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Wednesday, 9 June 1915

Mr PIGOTT (Calare) .- I congratulate the Minister on the impartial attention he has promised to give to the suggestions which have emanated from both sides of the Committee in regard to the development of the Territory. The price of beef and mutton is high at the present time, and that fact, although it is a great disability to the community, will be of great assistance to the Minister in helping him to develop the Territory. The great difficulty in the past has been that the pastoralists have not been able to get sufficient value for their products. However, I do not wish to say anything further on this question, having already expressed my views. I doi wish to appeal to the Minister, however, to do something for the people of Norfolk Island, which is situated about 800 miles from Sydney, and has an area of about 8,000 acres and a population of 900. Its imports were valued last year at £9,000, and its exports at about £1,700. The residents are practically cut off from communication with the mainland. A steamer visits the island only once a month, and is unsuitable for taking away the produce. Having regard to the high price of beef in Australia, I think it would be a good policy to encourage the development of the fisheries of Norfolk Island. The islanders have three or four whale-boats, and those members who visited the island recently noticed that the boats returned after an absence of a few hours laden with the best varieties of fish. In order to give the islanders encouragement and to develop that industry, the Government might very well consider the advisability of providing them with a steam-launch or trawler.

Mr Riley - Do you mean that the Government should make a free gift of a trawler?

Mr PIGOTT - I do not think it would be altogether a free gift, inasmuch as it would help the electors of South Sydney to obtain cheap fish. In conjunction with the trawler the Government should establish a refrigerating plant for the islanders, and transfer the fish frozen there to the Sydney market.

Mr Mahon - Would that not be a socialistic undertaking?

Mr PIGOTT - I do not care what sort of proposal it is. The Australian people require fresh fish, the islanders are in need of a means of livelihood, and it is only proper that the Government should do something to assist them. Another industry which has been neglected is whaling. The islanders have to go for many miles in ordinary whale-boats in pursuit of a whale, and in some instances they have had to tow a whale behind an ordinary row-boat for two days, whereas if they were provided with a launch they could prosecute their industry with more vigour. Something might be done to encourage the industry of drying and smoking fish. The islanders know nothing of our requirements, and I think that some person of experience should be sent there to teach those people the fishcuring business, and to produce other articles which are much needed on the mainland. The Commonwealth grants a bounty of £d. per lb. on dried and smoked fish. In 1912-13 there were only five establishments engaged in this industry, and the bounty amounted to only £103 for the 49,440 lbs. produced in the Commonwealth. The importations of dried and smoked fish in .1912 totalled 26,000 cwts., worth £76,327. On this subject Knibbs says - t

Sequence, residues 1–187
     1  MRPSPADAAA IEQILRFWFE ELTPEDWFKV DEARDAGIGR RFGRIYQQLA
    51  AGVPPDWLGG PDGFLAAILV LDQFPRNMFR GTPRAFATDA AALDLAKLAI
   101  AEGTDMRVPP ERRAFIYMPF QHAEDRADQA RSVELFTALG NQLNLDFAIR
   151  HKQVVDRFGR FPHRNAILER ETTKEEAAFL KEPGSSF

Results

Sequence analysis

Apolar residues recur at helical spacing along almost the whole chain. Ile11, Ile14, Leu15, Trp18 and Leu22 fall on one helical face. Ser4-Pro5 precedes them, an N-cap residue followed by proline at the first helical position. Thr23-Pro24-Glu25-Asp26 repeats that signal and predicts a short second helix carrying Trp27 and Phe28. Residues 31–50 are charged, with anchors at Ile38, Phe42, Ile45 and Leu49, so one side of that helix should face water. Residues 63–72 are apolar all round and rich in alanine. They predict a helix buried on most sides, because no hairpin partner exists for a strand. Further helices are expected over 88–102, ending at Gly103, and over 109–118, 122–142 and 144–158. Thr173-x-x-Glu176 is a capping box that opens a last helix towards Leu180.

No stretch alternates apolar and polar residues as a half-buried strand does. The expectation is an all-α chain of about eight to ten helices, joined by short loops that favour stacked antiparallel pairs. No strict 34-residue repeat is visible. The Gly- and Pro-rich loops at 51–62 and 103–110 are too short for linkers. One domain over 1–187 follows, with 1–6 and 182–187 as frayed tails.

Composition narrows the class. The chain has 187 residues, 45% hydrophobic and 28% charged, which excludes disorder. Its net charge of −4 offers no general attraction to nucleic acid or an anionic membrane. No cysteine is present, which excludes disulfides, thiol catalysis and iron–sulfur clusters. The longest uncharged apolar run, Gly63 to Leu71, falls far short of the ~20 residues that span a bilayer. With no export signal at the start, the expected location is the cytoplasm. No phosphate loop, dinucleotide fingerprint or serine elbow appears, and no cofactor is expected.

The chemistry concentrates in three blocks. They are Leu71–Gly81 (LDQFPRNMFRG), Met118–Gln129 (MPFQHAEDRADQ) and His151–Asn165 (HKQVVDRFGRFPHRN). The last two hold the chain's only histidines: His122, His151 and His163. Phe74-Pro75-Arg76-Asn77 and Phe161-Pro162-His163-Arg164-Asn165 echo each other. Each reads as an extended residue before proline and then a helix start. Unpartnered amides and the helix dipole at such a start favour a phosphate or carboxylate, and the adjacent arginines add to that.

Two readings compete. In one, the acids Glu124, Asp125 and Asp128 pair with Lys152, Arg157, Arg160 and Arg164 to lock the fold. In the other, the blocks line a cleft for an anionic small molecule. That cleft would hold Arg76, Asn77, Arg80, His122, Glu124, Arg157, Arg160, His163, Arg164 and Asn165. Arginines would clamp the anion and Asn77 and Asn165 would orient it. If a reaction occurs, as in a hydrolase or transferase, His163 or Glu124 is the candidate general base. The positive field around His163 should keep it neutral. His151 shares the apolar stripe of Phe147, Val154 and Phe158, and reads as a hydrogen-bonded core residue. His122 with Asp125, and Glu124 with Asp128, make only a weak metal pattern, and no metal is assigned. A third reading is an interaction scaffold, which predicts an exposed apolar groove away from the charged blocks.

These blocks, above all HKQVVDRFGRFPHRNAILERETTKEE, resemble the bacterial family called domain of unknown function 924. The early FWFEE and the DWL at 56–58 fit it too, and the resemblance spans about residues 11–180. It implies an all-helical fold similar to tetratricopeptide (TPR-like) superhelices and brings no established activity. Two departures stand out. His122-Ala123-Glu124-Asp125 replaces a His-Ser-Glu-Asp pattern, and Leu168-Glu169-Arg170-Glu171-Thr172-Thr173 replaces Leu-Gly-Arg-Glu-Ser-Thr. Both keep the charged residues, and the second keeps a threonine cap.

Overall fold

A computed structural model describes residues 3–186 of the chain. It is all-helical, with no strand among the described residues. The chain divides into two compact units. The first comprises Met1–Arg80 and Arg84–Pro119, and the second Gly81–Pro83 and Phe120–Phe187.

The abundance of fish in Australian waters offers excellent opportunity for the institution of preserving establishments, particularly in those coastal districts which enjoy a temperate climate. Up to the present but little development has taken place, and the establishments for fish preserving at the present time are very few.

I think this industry requires only a little encouragement from the Government and it would be quickly established. The Norfolk Islanders are under a great difficulty, because of the absence of any anchorage for vessels calling there. The steamer has to anchor in the open roadstead, and the residents never know on which side of the island the steamer will stop ; its anchorage depends on the state of the wind. The steamer is able to remain at the island only a few hours, and the consequence is that as soon as the vessel comes to anchor every vehicle in the island is requisitioned in order to carry, the produce to the point of embarkation. If the residents were provided with a steam launch, it would obviate the rowing of their produce for 1 or 2 miles to the ship's side, and the spoiling of perishable commodities by the salt water. We were treated excellently on the small steamer Mal:ambo. which carried us from the island to the mainland; but if some arrangement could be made for the steamer Levuka to make a detour of about 50 miles to the island, the people would be much better served. The small boat was overcrowded ; many passengers had to take accommodation in the smoking room, and I understand that on the last trip some men had tq sign on as members of the crew in order to secure passages. What is required is a vessel with up-to-date refrigerating accommodation, so that the perishable products of the island may be landed in good condition on the mainland. The fruit industry of Norfolk Island also presents great possibilities. Never have I tasted more luscious oranges than those grown on the island. I find that lemons.' oranges, and other fresh fruits imported5 into Australia were valued at £217,796 , and I am sure that Norfolk Island would, be able to supply from £15,000 to £20,000 worth of fruit for the Sydney-market, if facilities were provided for bringing their produce in good order to the mainland. I have mentioned these two or three items in the hope that the Minister will do something for these islanders, who are certainly deserving of consideration.

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